2. Institute of Desert Meteorology, China Meteorological Administration, Urumqi 830002;
3. National Climate Center, China Meteorological Administration, Beijing 100081;
4. Taklimakan Desert Atmospheric Environment Observation Experimental Station, Tazhong 841000
The Taklimakan Desert in southern–central Xinjiang Autonomous Region, China, is the world’s second-largest flow desert and has a profound influence on the regional weather and climate. As a result of the extreme variation of near-surface temperatures, the planetary boundary layer (PBL) in this region commonly reaches 4–6 km in height during boreal summer, which is the deepest on the earth. The deep PBL, which is significantly higher than that over the surrounding mountains and oases, plays an important role in the regional circulation and weather. Accurate forecast of PBL processes over the Taklimakan in Northwest China Desert is an important task.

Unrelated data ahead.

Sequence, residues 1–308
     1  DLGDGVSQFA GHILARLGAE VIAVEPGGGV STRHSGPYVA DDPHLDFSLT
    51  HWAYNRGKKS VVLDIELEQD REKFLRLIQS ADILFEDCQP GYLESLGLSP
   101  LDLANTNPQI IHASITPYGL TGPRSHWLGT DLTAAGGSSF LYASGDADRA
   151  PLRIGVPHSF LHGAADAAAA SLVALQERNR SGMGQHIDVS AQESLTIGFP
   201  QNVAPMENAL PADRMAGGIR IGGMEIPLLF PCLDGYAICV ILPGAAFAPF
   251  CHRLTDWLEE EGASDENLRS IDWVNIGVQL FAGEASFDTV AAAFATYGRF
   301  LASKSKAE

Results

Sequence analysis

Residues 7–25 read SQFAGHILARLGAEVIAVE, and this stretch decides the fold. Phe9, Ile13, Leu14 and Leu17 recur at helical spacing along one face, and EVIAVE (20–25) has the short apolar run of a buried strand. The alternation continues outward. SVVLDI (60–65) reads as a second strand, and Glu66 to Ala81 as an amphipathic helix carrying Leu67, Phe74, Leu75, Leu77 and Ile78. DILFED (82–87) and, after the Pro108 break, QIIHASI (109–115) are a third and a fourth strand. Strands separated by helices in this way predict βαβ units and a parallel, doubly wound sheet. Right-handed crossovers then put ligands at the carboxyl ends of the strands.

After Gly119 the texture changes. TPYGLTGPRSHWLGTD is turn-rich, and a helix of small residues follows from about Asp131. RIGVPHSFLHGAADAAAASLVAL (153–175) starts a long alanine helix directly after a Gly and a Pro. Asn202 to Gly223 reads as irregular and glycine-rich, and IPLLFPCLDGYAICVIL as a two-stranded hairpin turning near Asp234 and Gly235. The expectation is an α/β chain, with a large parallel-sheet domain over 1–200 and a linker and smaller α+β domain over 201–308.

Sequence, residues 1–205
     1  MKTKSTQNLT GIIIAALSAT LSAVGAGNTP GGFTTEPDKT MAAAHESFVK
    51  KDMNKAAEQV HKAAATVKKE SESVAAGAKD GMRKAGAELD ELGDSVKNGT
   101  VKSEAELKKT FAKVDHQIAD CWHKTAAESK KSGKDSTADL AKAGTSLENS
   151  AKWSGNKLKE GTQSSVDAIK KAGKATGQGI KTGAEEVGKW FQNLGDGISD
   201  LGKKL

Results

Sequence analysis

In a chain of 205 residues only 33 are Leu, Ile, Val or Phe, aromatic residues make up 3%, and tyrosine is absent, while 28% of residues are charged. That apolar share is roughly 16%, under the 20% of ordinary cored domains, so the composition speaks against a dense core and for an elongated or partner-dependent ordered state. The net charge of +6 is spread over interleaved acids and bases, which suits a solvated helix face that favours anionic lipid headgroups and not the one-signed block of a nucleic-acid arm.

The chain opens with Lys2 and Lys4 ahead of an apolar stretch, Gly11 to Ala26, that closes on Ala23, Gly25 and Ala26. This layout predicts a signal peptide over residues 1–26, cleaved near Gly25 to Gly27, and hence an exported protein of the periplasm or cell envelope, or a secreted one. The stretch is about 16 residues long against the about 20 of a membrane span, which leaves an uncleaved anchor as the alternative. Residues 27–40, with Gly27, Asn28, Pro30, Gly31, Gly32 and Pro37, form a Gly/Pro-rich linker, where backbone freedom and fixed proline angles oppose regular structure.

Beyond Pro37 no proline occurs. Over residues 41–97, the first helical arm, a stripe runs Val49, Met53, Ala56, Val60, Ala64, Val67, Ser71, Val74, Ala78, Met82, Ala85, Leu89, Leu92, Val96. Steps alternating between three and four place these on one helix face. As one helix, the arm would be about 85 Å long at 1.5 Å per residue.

The atmosphere over large deserts (such as the Sahara and Taklimakan deserts) is a key component in the earth’s climate system. Surface heating from intense solar radiation leads to the development of a near-surface, low-pressure thermal system, commonly referred to as a heat low (Engelstaedter et al., 2015). However, despite the vital role that deserts have in the earth’s climate system, observations are extremely sparse, and the available data are usually obtained from surrounding areas (Marsham et al., 2011). This lack of observational data has restricted the development of our understanding of deserts and has led to large discrepancies in analyses and significant biases in operational numerical weather prediction (NWP) models. The ability of local models to simulate real-world examples is often hindered by a lack of data with which to assess the performance of the model (Garcia-Carreras et al., 2015).